When my kids were little, there was so much play and laughter in our home. Everyday moments cracked me up and I found myself dressed up, hiding in forts or chasing someone through a sprinkler.

As the kids have aged, with their dad gone most of the time, me stressed out and dealing with “serious” grown up concerns, and their individual responsibilities mounting (homework, social pressures, puberty etc), there’s been a void where joy and enthusiasm used to be plentiful.

It’s not to say we never have fun. We do. It’s just, I’m charged with so much hustling and haranguing, I’ve kind of become a bit of a sour pill a lot of the time.

I’m upset about world events and passionate about so many issues. But, life is short and it’s definitely time to lighten up.

I absolutely CANNOT recommend playing Cards Against Humanity with kids under 17. I doubt we’ll do it again anytime soon. However, I do recommend—with the holidays approaching and amidst all the stress on us grown ups to make everything just “so” for those we love—don’t forget to have fun! Play! Laugh! Put on some music and dance your heart out. Find something to smile about.

Thanksgiving is the time of year to express our gratitude. For many of us, it is also riddled with challenges in the form of family dynamics. Of the many things I have to be grateful for, humor is moving up to the top of the list. I intend to laugh my way through Thanksgiving dinner and hopefully find some creative and age appropriate ways to have more fun both with my kids and without.

Here’s to a happy, hearty, humorous Thanksgiving (and beyond)! 

Death, Divorce and “The War of Art” …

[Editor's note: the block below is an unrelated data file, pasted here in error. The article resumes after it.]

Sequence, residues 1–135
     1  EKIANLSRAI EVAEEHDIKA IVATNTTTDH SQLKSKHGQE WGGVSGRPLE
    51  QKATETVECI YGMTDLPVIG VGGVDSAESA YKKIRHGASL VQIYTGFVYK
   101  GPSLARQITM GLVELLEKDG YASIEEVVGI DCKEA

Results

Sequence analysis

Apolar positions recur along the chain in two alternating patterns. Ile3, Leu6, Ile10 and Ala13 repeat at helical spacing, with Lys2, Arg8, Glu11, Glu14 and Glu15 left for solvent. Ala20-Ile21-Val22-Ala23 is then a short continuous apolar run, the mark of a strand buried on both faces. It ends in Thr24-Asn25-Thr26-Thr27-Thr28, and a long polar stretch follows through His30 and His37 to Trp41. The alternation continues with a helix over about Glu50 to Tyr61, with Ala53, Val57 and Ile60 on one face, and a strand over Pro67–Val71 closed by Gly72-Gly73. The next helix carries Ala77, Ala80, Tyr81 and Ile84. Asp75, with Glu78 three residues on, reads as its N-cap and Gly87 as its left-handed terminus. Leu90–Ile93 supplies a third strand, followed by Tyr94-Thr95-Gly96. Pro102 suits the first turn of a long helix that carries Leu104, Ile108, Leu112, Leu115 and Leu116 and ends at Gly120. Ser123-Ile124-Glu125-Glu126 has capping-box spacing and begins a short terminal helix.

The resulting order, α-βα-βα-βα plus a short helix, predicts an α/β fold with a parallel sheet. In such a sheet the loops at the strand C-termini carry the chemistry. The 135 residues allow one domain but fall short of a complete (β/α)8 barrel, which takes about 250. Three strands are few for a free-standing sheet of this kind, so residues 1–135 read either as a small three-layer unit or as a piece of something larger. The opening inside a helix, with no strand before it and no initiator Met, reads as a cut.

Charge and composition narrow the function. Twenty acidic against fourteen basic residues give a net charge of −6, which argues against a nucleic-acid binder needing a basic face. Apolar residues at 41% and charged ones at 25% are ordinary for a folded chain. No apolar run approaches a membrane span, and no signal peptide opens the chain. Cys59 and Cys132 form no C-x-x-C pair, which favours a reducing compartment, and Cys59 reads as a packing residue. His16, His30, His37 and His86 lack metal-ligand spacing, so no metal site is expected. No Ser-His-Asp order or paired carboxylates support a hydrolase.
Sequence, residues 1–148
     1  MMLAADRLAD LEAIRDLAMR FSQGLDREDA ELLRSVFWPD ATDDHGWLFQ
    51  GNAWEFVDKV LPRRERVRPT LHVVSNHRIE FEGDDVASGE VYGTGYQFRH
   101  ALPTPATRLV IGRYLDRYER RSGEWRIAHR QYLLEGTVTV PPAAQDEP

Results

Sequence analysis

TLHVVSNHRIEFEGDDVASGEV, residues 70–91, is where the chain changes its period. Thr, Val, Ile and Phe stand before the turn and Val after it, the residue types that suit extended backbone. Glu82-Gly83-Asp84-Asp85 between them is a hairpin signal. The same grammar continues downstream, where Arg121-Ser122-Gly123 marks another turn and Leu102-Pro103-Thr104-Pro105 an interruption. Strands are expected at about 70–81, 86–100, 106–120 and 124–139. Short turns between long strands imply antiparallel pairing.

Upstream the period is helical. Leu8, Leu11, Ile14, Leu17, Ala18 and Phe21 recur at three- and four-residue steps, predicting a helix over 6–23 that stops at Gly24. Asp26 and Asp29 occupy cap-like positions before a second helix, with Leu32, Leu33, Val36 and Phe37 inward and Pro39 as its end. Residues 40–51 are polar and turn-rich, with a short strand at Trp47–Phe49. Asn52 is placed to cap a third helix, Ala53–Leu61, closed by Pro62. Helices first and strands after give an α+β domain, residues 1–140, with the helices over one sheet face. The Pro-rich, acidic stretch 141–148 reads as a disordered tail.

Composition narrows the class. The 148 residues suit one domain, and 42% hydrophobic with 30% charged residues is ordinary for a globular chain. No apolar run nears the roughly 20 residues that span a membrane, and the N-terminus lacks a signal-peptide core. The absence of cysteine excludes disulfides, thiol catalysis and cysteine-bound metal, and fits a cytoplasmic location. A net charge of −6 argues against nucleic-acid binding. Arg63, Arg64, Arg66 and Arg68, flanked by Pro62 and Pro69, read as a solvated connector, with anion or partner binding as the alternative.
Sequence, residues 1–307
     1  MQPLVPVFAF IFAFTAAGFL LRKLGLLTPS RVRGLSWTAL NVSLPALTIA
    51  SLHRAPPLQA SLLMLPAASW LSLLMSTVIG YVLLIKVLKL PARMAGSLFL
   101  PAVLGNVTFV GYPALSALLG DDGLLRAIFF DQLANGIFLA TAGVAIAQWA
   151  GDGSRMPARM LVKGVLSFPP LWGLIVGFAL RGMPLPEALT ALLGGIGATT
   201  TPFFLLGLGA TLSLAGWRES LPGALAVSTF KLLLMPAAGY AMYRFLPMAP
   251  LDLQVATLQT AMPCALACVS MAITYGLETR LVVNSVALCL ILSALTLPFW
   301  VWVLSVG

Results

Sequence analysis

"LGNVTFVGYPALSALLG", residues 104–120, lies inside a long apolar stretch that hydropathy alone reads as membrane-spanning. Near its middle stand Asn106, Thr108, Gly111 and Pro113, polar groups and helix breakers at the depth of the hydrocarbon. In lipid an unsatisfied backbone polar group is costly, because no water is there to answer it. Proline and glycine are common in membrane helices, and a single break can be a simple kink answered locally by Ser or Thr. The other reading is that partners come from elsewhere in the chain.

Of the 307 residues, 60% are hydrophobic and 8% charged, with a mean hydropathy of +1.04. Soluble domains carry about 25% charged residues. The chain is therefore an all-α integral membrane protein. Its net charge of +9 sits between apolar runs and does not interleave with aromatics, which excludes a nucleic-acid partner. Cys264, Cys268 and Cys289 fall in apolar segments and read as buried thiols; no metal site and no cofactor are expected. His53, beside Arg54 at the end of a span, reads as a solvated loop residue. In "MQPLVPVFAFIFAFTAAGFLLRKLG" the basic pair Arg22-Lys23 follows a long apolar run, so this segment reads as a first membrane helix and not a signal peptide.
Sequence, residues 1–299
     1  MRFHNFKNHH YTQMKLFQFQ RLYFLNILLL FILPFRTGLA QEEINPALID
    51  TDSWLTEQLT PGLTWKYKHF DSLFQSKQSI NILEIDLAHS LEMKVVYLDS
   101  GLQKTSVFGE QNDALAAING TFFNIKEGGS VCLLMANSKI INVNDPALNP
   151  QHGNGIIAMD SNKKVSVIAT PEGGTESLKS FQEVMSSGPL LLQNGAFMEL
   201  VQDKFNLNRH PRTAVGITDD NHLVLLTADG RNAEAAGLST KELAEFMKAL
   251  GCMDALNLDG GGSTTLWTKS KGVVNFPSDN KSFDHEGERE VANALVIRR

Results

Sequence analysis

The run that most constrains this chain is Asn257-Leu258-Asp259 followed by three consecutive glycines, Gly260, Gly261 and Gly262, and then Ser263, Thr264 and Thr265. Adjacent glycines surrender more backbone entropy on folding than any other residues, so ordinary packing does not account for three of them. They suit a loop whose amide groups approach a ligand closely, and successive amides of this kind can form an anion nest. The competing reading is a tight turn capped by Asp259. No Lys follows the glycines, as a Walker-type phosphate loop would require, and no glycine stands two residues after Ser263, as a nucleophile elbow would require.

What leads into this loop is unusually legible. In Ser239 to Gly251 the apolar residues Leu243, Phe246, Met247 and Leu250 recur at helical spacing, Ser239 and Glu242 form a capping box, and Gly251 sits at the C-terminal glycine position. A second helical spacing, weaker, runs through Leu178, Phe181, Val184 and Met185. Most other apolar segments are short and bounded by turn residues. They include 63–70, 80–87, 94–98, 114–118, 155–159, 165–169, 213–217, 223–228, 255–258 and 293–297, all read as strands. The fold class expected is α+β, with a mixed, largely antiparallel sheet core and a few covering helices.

It’s been over five years now since my husband and I split up.

Looking back, what fascinates me most is how I could have possibly sunk so low, how my identity and sanity could have been so rattled by the unilateral move of another human being. It’s not that I don’t understand intellectually—my family is everything to me. But, how could I have forgotten the inevitability of loss and suffering in some form? How could I have deemed myself immune from having my reality shattered in one way or another? Continue reading

Do you know your child’s best friend is a bad influence?!

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Childhood friends come and go. This is a good thing, as the fickle nature of children ensures that no particular friend will hold sway over our kids for too long. At least that used to be the case. Continue reading

Middle School, Oh how I Hate Thee…

Why am I, a 40 something year old, complaining about middle school? Because experiencing it as a parent of middle schoolers is ALMOST worse than having experienced it as a student myself.

Gee, I wonder why the following strategy is not working – Continue reading

Parenting in Ten Words

father and son walking rural footpath
1. Love

2. No Privacy (okay that’s two words but I couldn’t find one word that captures the sentiment)

3. Culpability

4. Fucking Homework (two again…so sue me)

5. Vomit

6. Vulnerability

7. Despair

8. Laughter

9. Worry

10. Growth

BONUS WORD- Exhaustion!!!

UPDATE- How could I have forgotten these whoppers?

Humbling

Expensive

Gross

Funny

Endearing

Food (they actually have to eat 3 meals a day!!! Always. And snacks. WTF?)

Feel free to add to my list. 😉

All you need is love … Bum bum ba da dum

MediaFile_269By now, I’m not supposed to be a romantic. My heart has been broken to the point of what I thought unfixable.

But, I still believe in love.

Continue reading

Redefining Fatherhood

I had a birth father and I have a step-father. Both of them loved me. Both of them imparted wisdom. Both of them caused me some of grief. Continue reading